The 2011-2012 offseason is now halfway done, and in 2011, we saw a lot of major free agent moves that nobody saw coming, such as the deals for Jonathan Papelbon and Albert Pujols. Others were no surprise at all, such as the Kansas City Royals actually acquiring some pitching.
Some teams, as expected, made larger moves than others, as they are big market teams. Does that mean they made the best moves of the free agency period? Not necessarily.
Which teams have made the best moves thus far? All 30 teams' best moves are ranked here.
The Braves are in the process of becoming the best team in baseball. We've seen some of that the past couple seasons, and it only plans to get better. As a result, they aren't really signing or trading for anyone.
Eric Hinske's re-signing is the biggest thing they've done, though if they get a nice piece in a Jair Jurrjens or Martin Prado trade, then that will take this spot on the list.
It's going to be a pattern for a few teams to start off this list; they haven't made any moves of note because they don't really need to, so don't worry if your team is ranked this far down.
The Yankees are almost guaranteed to make a big move, as they seem to do so nearly every free agency period. This year, however, they've been quiet, doing next to nothing besides re-signing Freddy Garcia and Andruw Jones.
Freddy Garcia had a nice year for the Yankees in 2011, and he will provide depth to the pitching staff again in 2012.
The Giants have a great pitching core, but a questionable lineup, particularly in the outfield. To remedy that, they traded for Melky Cabrera and Angel Pagan, and you can pretty much swap either or for this spot.
Cabrera had a good 2011 season, but that has been unlike him, and Pagan seems to be a bit on the hot-and-cold side as well. Time will tell if these moves were smart or not.
The Mariners have become almost notorious for having a great starting rotation that can't get any wins thanks to an anemic hitting squad that consists of Ichiro and little else. What did Seattle do to fix that?
So far, pretty much nothing, though they did bolster their bullpen by acquiring George Sherrill. He had a quiet comeback year in Atlanta and should do fine in Seattle, even if it's not the move they needed to make.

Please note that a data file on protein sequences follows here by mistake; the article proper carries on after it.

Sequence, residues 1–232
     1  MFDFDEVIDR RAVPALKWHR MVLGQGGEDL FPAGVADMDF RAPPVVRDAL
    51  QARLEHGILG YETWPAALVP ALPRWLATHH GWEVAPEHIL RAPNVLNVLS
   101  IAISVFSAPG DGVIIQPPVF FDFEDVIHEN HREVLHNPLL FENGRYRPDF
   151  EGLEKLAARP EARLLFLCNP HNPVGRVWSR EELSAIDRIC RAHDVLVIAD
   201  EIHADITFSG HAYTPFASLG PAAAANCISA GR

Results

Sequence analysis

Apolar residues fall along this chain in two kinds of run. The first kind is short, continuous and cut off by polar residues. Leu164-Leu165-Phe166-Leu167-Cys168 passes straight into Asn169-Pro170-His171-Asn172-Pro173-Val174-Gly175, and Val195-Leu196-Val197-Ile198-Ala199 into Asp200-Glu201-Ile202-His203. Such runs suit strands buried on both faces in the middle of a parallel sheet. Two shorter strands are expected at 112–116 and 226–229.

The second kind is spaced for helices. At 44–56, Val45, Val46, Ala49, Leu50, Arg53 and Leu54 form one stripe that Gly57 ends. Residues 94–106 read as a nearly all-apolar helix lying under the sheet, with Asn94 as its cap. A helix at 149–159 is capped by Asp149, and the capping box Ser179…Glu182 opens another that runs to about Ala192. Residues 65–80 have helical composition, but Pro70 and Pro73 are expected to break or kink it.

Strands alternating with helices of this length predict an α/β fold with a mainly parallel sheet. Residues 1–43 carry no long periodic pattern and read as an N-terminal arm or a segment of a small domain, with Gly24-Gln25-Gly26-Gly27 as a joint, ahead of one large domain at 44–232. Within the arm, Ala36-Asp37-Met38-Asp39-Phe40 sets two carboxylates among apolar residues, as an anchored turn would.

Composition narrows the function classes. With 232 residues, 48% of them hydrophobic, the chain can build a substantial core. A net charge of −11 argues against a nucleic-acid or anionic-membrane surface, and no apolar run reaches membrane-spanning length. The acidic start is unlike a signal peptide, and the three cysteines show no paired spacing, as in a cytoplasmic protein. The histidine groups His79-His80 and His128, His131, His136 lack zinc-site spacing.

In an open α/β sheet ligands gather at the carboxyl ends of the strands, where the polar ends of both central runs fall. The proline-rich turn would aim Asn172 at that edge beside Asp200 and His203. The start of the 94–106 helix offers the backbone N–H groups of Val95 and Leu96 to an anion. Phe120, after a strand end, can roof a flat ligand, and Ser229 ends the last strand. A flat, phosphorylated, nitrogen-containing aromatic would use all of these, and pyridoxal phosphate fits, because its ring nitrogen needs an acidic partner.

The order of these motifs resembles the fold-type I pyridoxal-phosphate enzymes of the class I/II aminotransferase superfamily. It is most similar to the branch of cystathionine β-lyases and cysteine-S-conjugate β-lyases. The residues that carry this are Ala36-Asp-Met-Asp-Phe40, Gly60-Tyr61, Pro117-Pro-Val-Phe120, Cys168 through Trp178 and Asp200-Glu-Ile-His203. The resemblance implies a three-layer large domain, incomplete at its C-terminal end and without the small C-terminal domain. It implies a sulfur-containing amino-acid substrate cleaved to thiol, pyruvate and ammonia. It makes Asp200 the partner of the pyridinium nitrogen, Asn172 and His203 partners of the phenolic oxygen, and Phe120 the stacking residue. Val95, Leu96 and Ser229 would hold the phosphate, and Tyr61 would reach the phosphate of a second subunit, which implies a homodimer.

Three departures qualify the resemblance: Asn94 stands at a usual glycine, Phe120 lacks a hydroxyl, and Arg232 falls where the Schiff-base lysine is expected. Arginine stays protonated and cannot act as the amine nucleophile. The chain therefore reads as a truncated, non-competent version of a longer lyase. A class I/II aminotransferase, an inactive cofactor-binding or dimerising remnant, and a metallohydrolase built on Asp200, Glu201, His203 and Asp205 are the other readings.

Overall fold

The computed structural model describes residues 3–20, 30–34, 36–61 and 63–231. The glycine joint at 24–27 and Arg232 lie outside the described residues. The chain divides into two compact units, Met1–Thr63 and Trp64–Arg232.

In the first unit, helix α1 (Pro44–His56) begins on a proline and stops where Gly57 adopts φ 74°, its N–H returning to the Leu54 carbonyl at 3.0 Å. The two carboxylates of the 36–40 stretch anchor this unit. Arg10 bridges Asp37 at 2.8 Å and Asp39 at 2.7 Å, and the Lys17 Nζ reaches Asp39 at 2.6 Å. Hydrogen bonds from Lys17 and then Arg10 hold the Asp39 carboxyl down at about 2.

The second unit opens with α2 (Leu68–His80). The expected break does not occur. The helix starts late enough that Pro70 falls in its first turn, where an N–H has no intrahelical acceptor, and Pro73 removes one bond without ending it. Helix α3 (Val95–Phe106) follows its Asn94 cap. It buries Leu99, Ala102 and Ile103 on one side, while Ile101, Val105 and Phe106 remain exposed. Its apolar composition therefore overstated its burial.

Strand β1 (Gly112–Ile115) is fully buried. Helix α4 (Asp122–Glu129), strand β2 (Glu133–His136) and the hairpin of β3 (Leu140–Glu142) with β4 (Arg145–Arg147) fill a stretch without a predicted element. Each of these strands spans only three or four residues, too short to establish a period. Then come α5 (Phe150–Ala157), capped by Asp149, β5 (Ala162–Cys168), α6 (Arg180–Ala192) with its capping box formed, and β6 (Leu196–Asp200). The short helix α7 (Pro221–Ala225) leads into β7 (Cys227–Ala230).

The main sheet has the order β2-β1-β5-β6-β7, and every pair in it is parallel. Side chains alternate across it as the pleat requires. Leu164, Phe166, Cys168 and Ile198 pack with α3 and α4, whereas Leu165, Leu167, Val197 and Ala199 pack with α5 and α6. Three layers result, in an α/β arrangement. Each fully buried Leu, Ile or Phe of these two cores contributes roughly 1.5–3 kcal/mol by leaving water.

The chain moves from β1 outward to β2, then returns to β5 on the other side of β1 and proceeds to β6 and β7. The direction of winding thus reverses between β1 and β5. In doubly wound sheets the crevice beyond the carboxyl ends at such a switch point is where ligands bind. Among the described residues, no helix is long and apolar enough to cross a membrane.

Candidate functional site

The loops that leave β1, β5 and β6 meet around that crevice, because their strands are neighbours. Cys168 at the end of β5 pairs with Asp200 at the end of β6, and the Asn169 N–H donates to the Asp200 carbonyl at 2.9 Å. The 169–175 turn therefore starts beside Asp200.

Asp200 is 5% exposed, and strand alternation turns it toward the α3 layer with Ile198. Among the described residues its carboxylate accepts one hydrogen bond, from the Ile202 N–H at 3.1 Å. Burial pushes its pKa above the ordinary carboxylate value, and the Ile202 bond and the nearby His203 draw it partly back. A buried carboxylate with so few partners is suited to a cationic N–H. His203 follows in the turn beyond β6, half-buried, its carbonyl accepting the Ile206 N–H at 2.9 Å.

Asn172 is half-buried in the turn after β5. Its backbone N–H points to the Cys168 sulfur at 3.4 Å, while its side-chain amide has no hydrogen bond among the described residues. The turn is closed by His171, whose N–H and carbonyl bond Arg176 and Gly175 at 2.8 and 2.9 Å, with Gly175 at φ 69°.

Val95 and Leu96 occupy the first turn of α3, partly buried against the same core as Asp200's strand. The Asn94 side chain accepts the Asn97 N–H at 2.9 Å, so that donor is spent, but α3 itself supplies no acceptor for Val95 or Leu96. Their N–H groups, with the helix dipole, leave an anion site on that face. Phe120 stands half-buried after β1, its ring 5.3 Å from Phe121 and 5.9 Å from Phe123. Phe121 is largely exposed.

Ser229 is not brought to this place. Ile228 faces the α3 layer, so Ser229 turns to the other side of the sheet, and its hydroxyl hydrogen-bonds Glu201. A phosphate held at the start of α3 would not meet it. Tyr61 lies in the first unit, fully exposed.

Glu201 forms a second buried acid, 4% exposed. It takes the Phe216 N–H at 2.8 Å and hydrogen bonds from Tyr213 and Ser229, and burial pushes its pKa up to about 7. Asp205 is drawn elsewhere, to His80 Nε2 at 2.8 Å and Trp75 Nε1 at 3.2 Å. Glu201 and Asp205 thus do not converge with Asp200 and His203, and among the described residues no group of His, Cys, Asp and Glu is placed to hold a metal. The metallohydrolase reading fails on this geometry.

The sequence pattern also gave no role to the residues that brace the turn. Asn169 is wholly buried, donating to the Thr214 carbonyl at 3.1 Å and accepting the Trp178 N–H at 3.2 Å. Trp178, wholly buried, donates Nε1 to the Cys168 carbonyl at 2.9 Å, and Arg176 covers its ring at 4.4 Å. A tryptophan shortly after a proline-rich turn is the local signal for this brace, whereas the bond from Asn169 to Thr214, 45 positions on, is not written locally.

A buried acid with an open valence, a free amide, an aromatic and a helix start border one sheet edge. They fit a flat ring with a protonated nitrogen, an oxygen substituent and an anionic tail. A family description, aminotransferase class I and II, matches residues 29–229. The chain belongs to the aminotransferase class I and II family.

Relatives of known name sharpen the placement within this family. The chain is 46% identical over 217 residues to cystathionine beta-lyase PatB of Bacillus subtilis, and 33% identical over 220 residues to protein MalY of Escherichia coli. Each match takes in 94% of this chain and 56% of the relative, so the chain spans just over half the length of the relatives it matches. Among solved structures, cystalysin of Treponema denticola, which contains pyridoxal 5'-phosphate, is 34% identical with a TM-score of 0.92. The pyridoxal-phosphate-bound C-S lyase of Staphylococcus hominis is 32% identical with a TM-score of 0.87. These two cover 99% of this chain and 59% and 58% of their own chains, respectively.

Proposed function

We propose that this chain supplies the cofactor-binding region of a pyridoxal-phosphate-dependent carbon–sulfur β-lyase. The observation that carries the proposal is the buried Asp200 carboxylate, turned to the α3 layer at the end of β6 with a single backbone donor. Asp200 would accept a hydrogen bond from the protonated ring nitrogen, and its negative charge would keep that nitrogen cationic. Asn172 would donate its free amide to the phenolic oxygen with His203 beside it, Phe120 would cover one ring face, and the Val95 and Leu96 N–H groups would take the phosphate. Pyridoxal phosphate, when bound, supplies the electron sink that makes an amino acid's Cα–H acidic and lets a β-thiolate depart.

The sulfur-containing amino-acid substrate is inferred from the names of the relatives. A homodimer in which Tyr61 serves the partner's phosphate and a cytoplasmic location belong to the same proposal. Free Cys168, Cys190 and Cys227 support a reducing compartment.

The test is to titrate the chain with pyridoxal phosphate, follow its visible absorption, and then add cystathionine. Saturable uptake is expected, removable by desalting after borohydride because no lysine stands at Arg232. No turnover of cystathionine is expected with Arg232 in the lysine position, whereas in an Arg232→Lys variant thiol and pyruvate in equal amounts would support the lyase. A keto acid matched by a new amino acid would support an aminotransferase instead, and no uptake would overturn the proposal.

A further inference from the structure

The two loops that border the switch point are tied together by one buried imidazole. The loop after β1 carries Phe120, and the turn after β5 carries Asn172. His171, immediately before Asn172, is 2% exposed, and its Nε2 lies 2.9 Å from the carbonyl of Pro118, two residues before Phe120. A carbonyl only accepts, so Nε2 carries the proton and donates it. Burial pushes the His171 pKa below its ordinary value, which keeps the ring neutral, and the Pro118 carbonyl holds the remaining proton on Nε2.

The Houston Astros, along with the Oakland Athletics, were the two teams that were expected to sell the farm this offseason. The A's have done exactly that, while the Astros still have Wandy Rodriguez and everyone else.
The only major move has been getting Jed Lowrie and others for Mark Melancon. It's tough to say how good the trade is yet since Lowrie has yet to play every day. He certainly will have the opportunity to do so now.
The Blue Jays' offseason has been a tough one to figure out. They're clearly trying to make moves, seeing as how they almost got Yu Darvish, but haven't gotten much. All they've done is acquire Jason Frasor from the White Sox.
They already had Frasor before trading him at the deadline last season, so it's not much of a modification for them.
The Orioles are one of those teams that tends to make their moves later in the offseason, or it at least feels that way. So far, their biggest move has been the acquisition of Endy Chavez.
Chavez made a name for himself in Texas this past season and had a nice year. Since Baltimore's only paying $1.5 million, it's a nice move, even though it doesn't look like much on the surface.
When your biggest offseason move is acquiring a reliever, it either means you're working slowly or that your team is already set. For the Tigers, it's mostly the latter.
Octavio Dotel has pitched well in recent years, and provides veteran help to the bullpen. It's not the hole they necessarily need to fill, but having a good bullpen is always an asset.
The Indians had one major task this offseason, and that was to find a first baseman. Instead, they went and quickly acquired Derek Lowe from the Braves.
This move wasn't all that bad, as it's not easy to find a durable guy to pitch 200 innings, even if Derek Lowe is not exactly the best guy to pull that off anymore.